Senate Democrats have repeatedly pressed Judge Amy Coney Barrett, President Donald Trump’s Supreme Court nominee to replace Ruth Bader Ginsburg, on how she would rule in cases on abortion and Obamacare. Yet Barrett rightly responded that she could not say exactly how she would rule in particular cases. Democrats argued that Trump selected Barrett in order to strike down Roe v. Wade (1973) and Obamacare, but Barrett rightly followed what is known as the “Ginsburg Rule.”
Near the end of Ginsburg’s confirmation hearing before the Senate, Ginsburg said, “My own views and what I would do if I were sitting in the legislature are not relevant to the job for which you are considering me, which is the job of a judge.” She refused to say what her specific position would be on cases before the Supreme Court.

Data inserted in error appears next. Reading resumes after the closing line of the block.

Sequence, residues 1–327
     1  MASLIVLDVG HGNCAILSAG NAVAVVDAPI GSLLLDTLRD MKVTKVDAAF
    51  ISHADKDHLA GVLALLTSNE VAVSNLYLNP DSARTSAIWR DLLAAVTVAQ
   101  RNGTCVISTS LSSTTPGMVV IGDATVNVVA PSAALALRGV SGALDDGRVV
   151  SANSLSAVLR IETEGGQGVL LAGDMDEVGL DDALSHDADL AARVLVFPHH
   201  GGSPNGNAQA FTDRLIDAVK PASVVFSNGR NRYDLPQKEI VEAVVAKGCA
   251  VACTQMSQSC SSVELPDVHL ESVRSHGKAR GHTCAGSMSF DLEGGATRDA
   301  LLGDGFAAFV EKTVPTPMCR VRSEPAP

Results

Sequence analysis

When pressed for her position on Obergefell v. Hodges (2015), in which the Supreme Court invented a constitutional right to same-sex marriage, Barrett responded, “As Justice [Elena] Kagan put it, I’m not going to give a thumbs up or a thumbs down” on abortion cases.
Barrett said she would generally follow precedent, except in extraordinary cases.
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The Judicial Crisis Network released an ad praising Barrett’s use of the Ginsburg rule, and quoting Sen. Chuck Schumer (D-N.Y.) and then-Sen. Joe Biden (D-Del.) supporting the rule.
“There is a grand tradition that I support that you can’t ask a judge who’s nominated … about a specific case,” Schumer said.
“You not only have a right to choose what you will answer and not answer but, in my view, you should not answer a question of what your view will be,” Biden said.
Tyler O’Neil is the author of Making Hate Pay: The Corruption of the Southern Poverty Law Center. Follow him on Twitter at @Tyler2ONeil.